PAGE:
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Airport Construction: The Next Shoe To Fall?  
User currently offlineCubsrule From United States of America, joined May 2004, 22718 posts, RR: 20
Posted (6 years 2 weeks 1 day 6 hours ago) and read 3546 times:

There was an interesting article in the local paper here in St. Louis today about the fact that the airport may need to put off some planned improvements because of the flight cuts...

http://www.stltoday.com/stltoday/new...9204A862574820013286D?OpenDocument

The construction they're thinking of putting off isn't the end of the world (it's new signage and baggage carousels), but then again we aren't losing too many flights (about 15% of the schedule from our two largest carriers, AA and WN). Are there airports where needed improvements are going to get put off? I imagine that STL is just the tip of the iceberg and that others are in worse shape.


I can't decide whether I miss the tulip or the bowling shoe more
16 replies: All unread, jump to last
 
User currently offlinePITops From United States of America, joined May 2007, 1442 posts, RR: 4
Reply 1, posted (6 years 2 weeks 1 day 6 hours ago) and read 3493 times:

I hate to be the one to bring this up, but PIT is in much worse shape. At least your hub airline still has interest in keeping some flights there. Still over 100. US barely has 60 some flights now and more cuts to come. No other airline is bringing in any new flights right now. Not even WN. Half our airport is boarded up and basically shut off from reality. Our gates are now parking lots for Republic's F9 aircraft.


Ground Ops, Southwest Airlines, CMH
User currently offlineMarcoPoloWorld From United States of America, joined Mar 2008, 633 posts, RR: 0
Reply 2, posted (6 years 2 weeks 1 day 4 hours ago) and read 3383 times:

Unfortunately, we can indeed expect smaller (and even some mid-sized) airports to put a halt to expansion plans in the face of double-digit service losses.

Oakland, for example, is shelving plans for a third terminal in light of losing a quarter of its service this year. Pensacola is "reevaluating" plans to reconstruct and/or renovate as well, along with many other similar-size airports.

On the other hand, major gateway airports will likely proceed with at least their imminent projects because their traffic losses are anticipated to be less than those of small airports or secondary hubs, and their international traffic still anticipated to increase. LAX, for example, seems to be proceeding with their plan to issue bonds for their International Terminal renovation project. SFO is likewise proceeding to begin with its Terminal 2 renovation imminently.


User currently offlineSANFan From United States of America, joined Aug 2006, 5353 posts, RR: 15
Reply 3, posted (6 years 2 weeks 1 day ago) and read 3269 times:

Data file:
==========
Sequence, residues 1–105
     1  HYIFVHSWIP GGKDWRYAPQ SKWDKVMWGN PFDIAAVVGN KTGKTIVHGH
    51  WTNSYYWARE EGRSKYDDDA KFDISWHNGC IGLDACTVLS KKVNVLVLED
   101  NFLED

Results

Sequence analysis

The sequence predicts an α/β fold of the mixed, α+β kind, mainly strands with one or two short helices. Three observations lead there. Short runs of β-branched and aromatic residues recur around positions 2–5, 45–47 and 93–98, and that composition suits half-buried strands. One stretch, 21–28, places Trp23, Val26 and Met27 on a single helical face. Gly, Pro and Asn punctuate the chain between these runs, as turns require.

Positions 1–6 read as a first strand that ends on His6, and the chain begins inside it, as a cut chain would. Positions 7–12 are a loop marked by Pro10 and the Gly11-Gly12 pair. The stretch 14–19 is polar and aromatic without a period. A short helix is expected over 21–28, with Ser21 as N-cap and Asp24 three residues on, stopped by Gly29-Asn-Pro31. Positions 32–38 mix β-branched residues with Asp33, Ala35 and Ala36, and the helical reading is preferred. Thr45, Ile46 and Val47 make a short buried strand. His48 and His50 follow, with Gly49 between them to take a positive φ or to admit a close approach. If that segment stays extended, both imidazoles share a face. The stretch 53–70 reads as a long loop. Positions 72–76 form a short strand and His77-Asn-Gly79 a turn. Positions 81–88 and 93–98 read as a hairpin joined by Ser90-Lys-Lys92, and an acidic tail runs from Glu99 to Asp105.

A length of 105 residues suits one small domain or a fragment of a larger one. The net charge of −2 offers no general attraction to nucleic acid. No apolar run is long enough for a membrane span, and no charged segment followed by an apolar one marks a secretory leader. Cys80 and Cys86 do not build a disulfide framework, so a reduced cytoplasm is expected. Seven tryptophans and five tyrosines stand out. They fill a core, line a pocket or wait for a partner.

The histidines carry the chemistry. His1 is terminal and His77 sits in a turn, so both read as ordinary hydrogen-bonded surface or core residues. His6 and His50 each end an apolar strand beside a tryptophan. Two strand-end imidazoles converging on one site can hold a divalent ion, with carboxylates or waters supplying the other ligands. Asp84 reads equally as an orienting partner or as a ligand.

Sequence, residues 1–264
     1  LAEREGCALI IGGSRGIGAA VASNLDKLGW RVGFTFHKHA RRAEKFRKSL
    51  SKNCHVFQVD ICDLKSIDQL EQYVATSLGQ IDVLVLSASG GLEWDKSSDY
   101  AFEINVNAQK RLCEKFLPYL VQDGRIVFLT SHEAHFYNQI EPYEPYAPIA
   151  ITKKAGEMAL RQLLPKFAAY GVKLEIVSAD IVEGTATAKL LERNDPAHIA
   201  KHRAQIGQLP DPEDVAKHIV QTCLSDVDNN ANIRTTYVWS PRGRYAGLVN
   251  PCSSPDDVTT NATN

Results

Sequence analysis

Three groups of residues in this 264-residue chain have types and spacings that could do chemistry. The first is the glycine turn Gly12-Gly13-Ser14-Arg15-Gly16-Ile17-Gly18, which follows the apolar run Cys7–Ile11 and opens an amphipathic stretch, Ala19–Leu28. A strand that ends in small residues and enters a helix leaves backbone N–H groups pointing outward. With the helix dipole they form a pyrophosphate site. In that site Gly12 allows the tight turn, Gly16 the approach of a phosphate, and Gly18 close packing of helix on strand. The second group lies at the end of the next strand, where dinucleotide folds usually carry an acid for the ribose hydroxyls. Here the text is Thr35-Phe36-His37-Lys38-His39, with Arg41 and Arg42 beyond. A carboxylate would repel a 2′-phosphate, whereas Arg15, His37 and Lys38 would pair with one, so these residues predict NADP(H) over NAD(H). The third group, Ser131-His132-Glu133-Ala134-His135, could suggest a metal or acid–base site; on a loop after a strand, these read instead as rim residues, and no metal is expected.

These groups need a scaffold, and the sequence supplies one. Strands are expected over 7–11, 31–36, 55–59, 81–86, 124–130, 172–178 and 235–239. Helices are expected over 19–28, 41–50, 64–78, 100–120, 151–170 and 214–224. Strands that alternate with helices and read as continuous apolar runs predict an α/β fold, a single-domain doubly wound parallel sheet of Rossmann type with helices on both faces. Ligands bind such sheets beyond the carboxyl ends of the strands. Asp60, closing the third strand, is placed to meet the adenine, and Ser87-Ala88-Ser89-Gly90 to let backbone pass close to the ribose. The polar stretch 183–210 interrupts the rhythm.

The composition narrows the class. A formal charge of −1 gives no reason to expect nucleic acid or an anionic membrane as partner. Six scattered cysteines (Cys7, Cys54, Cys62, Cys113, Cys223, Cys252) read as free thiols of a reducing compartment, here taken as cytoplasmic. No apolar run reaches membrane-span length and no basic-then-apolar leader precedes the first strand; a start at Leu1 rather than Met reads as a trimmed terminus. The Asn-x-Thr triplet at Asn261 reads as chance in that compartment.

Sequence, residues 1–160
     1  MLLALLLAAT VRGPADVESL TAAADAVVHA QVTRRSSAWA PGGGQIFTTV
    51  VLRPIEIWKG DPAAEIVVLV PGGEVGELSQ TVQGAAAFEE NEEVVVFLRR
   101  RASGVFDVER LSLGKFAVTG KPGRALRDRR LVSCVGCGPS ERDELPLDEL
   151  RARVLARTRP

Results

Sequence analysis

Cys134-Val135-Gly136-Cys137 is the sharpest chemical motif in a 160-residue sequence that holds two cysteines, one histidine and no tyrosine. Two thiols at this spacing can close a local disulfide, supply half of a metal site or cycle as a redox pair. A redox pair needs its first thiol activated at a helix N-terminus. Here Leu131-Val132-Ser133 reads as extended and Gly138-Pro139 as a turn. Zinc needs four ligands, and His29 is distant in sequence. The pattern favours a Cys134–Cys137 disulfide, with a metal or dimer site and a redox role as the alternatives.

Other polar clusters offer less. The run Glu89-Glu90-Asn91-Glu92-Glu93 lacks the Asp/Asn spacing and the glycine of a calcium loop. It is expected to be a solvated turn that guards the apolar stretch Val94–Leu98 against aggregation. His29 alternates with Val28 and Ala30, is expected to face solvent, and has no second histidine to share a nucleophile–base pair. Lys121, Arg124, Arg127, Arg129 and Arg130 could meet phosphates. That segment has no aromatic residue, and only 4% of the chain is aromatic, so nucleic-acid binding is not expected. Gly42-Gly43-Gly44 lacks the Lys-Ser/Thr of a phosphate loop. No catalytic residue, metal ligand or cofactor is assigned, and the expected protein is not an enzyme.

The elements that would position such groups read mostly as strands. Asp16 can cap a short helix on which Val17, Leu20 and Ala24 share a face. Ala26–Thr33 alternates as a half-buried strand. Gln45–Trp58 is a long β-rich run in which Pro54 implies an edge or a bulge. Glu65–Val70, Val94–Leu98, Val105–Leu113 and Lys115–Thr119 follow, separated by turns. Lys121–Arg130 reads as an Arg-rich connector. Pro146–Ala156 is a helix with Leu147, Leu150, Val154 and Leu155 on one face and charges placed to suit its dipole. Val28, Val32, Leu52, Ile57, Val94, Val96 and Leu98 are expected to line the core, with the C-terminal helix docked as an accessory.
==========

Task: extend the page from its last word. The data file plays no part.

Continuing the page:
Quoting MarcoPoloWorld (Reply 2):
we can indeed expect smaller (and even some mid-sized) airports to put a halt to expansion plans

I am watching the situation closely in San Diego to see what happens with our planned 10-gate expansion, etc. Of course SAN's motto has always been, "Wait -- let's do another study and make the decision later", so another delay of the whole project would not be a shocker at all.

bb


User currently offlineLTBEWR From United States of America, joined Jan 2004, 13033 posts, RR: 12
Reply 4, posted (6 years 2 weeks 22 hours ago) and read 3202 times:

For most major airports in the USA, they are in such need for improvements as in some cases business had increased a lot in recent years, that it takes many years to carry out improvements that they will continue. The expected declines this fall could give some leeway to do badly need expansion with less hassle as they may be able to do more temporary reassignments of gates, of security areas, check in areas and so on to so work can be done.
Perhaps too some airports will have to scale back some improvements due to declines in income and changes in the airline business, but often needed changes have been put off for many years and they might as well do them now. Then there is the politics that encourages public facilitiy construcion during time of slow economic times to keep people in good paying jobs.


User currently offlineRevelation From United States of America, joined Feb 2005, 12333 posts, RR: 25
Reply 5, posted (6 years 2 weeks 21 hours ago) and read 3129 times:



Quoting LTBEWR (Reply 4):
For most major airports in the USA, they are in such need for improvements as in some cases business had increased a lot in recent years, that it takes many years to carry out improvements that they will continue. The expected declines this fall could give some leeway to do badly need expansion with less hassle as they may be able to do more temporary reassignments of gates, of security areas, check in areas and so on to so work can be done.

I agree. Those that have made it over the initial stages at large airports will probably keep going: it just takes too much effort to get them started, and if they are started, chances are they are desperately needed.

Many of the efforts at the mid or small sized airports are attempts to bring in more business, and in essence are speculative. Many of these efforts will be curtailed in the bad economic climate.



Inspiration, move me brightly!
User currently offlineDrgmobile From Canada, joined Aug 2006, 608 posts, RR: 0
Reply 6, posted (6 years 2 weeks 15 hours ago) and read 2960 times: